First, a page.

Outstanding, Unexecuted Order Exposure
The open exposure check used to monitor marketing making and proprietary trading strategies received a clear mention. Other checks that would have helped:
ADV Checks:Trades were more than 50% of the volume
Position Limits: $3.5 billion long
● SEC: “Knight did not broadly consider whether it had sufficient controls to prevent the entry of erroneous orders.”
Market Access Kill Switches
The expectations of a ‘lock down’ mode are becoming clear. The SEC’s focus on prevention indicates firms should institute automatic ‘shut down’ triggers. No longer are humans, monitoring a screen good enough.
Market Access ‘kill switches’: Defaulted to trigger upon limit breach
Pre-set Capital Thresholds, for the aggregate firm: Knight omitted their proprietary trading group
Automated Controls: Knight relied on a person with knowledge of the limits to monitor the screen
Other checks that could have helped:
Real-time Market Surveillance Alerts: Reports to detect deviations from “normal” parameters
Warning Zone Triggers: Allows for alternative action before a full shutdown
● SEC: “Ask [what] would happen if the component malfunctions.”
“The Commission believes controls should be reasonably designed to detect malfunctions” and “ensure the orderly deployment of new code.”
The Commission seemingly wanted to clarify the area of technology controls, technology design resiliency, and considerations of computer malfunction checks. Several mentions are of note:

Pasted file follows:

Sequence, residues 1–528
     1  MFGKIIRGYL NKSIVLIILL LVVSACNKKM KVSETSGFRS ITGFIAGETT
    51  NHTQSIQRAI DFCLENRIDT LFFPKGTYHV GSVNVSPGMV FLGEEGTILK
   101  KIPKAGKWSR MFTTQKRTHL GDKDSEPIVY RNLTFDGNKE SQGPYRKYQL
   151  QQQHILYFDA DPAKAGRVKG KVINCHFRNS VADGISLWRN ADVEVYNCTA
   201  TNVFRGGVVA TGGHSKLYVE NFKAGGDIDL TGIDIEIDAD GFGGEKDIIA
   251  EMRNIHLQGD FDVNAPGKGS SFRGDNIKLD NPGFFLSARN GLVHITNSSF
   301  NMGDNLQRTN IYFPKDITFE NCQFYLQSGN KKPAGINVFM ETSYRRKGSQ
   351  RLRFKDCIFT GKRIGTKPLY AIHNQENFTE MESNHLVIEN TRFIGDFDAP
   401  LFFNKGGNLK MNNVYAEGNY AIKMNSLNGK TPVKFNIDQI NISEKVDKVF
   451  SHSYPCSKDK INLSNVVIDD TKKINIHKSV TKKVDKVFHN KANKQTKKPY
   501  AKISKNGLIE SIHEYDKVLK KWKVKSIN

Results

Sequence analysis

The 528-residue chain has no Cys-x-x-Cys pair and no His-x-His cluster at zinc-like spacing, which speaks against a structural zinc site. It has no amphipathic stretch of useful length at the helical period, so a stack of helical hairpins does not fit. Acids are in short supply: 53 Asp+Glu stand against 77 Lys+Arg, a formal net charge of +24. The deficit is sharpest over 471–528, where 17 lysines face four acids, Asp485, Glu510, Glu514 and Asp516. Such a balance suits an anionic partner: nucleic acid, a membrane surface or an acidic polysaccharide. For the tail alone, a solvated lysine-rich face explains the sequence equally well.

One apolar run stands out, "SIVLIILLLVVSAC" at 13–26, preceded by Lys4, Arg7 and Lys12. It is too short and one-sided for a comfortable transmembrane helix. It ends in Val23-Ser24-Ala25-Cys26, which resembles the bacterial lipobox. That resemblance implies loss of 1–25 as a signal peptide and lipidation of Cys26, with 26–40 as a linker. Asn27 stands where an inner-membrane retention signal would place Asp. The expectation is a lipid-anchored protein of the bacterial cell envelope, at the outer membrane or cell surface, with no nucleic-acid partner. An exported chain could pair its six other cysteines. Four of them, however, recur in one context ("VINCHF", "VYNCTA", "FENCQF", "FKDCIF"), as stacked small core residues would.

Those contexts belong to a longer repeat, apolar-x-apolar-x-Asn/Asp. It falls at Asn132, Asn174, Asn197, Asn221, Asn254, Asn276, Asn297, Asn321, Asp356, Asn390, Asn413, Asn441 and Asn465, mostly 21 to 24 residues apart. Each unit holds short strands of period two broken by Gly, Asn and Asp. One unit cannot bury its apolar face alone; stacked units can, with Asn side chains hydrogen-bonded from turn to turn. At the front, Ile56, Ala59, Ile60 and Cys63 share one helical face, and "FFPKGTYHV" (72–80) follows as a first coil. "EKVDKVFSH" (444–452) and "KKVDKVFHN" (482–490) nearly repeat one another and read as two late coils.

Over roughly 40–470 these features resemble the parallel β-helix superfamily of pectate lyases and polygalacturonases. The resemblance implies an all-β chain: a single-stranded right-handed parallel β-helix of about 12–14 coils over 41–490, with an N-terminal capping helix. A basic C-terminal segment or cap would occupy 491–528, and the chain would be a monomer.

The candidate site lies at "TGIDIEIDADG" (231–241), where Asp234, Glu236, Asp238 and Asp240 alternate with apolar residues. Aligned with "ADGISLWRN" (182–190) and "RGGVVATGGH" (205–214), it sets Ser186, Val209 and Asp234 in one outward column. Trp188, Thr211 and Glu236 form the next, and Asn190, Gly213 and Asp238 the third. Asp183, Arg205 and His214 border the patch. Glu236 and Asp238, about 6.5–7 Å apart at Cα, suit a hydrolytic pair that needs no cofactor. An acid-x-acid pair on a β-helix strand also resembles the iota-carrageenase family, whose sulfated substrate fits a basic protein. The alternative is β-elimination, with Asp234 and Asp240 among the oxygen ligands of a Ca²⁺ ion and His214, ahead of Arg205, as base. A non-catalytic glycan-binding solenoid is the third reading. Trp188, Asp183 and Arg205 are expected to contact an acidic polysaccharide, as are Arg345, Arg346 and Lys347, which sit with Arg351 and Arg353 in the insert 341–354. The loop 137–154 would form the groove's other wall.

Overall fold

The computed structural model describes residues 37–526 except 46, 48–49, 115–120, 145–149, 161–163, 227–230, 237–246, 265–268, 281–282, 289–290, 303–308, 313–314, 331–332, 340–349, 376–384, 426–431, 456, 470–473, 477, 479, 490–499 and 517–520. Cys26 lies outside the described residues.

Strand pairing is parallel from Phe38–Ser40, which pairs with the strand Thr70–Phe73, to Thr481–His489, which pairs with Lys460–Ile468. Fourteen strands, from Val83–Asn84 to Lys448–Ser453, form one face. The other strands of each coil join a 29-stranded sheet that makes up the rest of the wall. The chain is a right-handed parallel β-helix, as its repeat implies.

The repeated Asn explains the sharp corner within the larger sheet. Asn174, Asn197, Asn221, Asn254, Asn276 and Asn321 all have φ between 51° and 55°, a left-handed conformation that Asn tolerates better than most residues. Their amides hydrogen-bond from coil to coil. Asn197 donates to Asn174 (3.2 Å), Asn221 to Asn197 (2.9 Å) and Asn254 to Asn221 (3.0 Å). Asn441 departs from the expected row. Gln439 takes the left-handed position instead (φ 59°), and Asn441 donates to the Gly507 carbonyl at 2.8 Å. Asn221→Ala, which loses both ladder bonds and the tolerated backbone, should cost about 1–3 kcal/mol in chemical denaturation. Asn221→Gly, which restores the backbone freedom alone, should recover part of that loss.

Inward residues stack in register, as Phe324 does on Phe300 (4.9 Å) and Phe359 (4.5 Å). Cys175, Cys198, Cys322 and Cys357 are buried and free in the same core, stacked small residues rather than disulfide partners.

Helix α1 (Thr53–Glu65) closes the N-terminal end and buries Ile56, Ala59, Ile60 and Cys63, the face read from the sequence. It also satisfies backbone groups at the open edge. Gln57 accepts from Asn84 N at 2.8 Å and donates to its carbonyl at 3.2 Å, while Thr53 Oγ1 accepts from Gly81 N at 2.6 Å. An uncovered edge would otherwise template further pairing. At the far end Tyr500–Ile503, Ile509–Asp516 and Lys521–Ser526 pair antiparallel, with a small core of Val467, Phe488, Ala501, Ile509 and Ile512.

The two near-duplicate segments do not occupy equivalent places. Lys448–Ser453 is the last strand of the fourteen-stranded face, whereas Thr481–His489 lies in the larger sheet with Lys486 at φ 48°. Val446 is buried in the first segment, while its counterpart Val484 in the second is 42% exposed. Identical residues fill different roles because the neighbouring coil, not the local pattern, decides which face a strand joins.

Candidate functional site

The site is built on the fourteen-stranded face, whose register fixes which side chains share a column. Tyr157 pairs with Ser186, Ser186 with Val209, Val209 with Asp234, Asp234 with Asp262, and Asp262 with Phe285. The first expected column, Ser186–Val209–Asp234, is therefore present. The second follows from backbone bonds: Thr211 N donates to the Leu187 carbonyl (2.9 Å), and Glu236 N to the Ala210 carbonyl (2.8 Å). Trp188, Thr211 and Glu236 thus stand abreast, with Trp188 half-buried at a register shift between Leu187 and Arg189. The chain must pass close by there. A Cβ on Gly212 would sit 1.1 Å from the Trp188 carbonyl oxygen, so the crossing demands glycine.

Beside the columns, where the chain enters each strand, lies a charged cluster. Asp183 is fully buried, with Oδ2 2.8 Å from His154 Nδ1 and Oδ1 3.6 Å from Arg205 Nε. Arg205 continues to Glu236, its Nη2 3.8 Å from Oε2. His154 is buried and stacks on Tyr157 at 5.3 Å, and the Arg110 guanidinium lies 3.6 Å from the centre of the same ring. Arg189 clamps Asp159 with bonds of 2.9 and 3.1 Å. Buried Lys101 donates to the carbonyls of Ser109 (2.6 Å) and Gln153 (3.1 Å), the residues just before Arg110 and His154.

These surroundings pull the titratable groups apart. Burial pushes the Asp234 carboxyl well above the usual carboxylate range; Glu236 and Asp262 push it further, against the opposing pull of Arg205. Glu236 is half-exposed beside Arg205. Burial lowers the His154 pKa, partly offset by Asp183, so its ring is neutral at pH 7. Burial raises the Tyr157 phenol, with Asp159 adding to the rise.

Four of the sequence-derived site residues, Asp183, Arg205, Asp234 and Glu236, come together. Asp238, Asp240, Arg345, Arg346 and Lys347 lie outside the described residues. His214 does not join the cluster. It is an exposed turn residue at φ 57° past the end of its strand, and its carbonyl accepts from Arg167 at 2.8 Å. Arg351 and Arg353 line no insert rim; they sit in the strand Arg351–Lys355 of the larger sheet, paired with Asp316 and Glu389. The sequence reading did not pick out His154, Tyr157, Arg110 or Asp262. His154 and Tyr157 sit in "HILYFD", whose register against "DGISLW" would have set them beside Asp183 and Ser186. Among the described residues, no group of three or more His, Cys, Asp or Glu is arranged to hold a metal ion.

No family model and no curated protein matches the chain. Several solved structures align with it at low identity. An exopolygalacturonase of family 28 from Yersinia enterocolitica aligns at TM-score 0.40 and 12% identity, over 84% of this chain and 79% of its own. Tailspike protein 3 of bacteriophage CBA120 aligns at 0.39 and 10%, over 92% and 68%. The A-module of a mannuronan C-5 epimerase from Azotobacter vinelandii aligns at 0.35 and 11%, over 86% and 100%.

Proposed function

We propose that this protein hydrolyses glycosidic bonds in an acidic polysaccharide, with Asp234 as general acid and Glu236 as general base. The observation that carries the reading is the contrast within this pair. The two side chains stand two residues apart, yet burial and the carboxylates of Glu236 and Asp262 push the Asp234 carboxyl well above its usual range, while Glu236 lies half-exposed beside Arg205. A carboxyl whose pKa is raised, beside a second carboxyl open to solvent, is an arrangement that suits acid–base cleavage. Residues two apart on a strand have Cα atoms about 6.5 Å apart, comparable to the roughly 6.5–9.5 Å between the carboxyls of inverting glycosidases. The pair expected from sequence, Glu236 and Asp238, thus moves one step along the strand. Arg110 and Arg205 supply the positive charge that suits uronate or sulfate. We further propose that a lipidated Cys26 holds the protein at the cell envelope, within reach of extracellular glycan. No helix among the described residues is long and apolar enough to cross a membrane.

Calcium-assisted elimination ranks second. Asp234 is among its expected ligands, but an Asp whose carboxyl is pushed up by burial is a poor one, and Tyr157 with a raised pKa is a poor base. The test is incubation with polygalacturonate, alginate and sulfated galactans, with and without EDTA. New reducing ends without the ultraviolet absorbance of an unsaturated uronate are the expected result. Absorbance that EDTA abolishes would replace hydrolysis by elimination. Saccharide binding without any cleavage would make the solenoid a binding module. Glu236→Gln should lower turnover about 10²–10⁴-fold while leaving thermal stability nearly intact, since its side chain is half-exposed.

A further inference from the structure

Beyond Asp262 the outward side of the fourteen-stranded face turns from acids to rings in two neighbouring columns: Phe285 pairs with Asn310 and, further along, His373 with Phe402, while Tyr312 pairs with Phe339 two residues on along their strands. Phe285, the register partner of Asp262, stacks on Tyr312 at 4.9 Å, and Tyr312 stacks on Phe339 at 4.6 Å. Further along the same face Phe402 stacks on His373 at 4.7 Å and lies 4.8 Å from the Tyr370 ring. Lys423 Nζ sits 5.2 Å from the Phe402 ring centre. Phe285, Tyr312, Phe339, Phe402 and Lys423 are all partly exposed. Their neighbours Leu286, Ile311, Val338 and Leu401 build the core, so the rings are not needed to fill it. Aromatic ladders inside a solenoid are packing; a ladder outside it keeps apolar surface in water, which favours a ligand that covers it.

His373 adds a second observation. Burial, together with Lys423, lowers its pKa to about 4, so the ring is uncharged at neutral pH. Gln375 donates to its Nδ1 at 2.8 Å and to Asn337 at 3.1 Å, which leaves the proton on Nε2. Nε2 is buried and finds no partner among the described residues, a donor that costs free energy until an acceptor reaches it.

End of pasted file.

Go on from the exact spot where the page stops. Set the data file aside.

Use of Drop Copies: Compare router [algo] before and after drop copies
Market Data Check: Knight did not test for stale data
Technology Compliance for ALL systems: Including prop trading
Change Management Procedures for Deployments: Second technician review, Knight Technicians left old code on one server
Testing Log(s): Consider the use of UAT testing certification of patches and updates
● SEC: “Supervisory procedures to guide employees’ responses to significant technological and compliance incidents.”
Compliance Codes and Drills
When everyone is in agreement, it’s fine. But how will the employee react to conflicting instructions or information? Every second counts against you while the client screams for one course of action, co-workers suggests another. The stress of real-time trading situations can cause paralysis.
How to Shut Off and Lock Out: Ask your team about a particular algo, client or router
Keep an Incident Log: Add them to your risk scenarios
Work with Clients: Communicate “your” procedures
Run Compliance Drills: Like fire drills, go through the code of conduct and chain of command
About The Author: Anthony Masso, CEO Succession Systems
Anthony Masso is founder and president of Succession Systems, provider of market access controls and risk systems. Masso has more than 15 years experience in the securities industry, previously holding positions as a trader, general counsel and CEO of a broker/dealer catering to electronic and high frequency trading.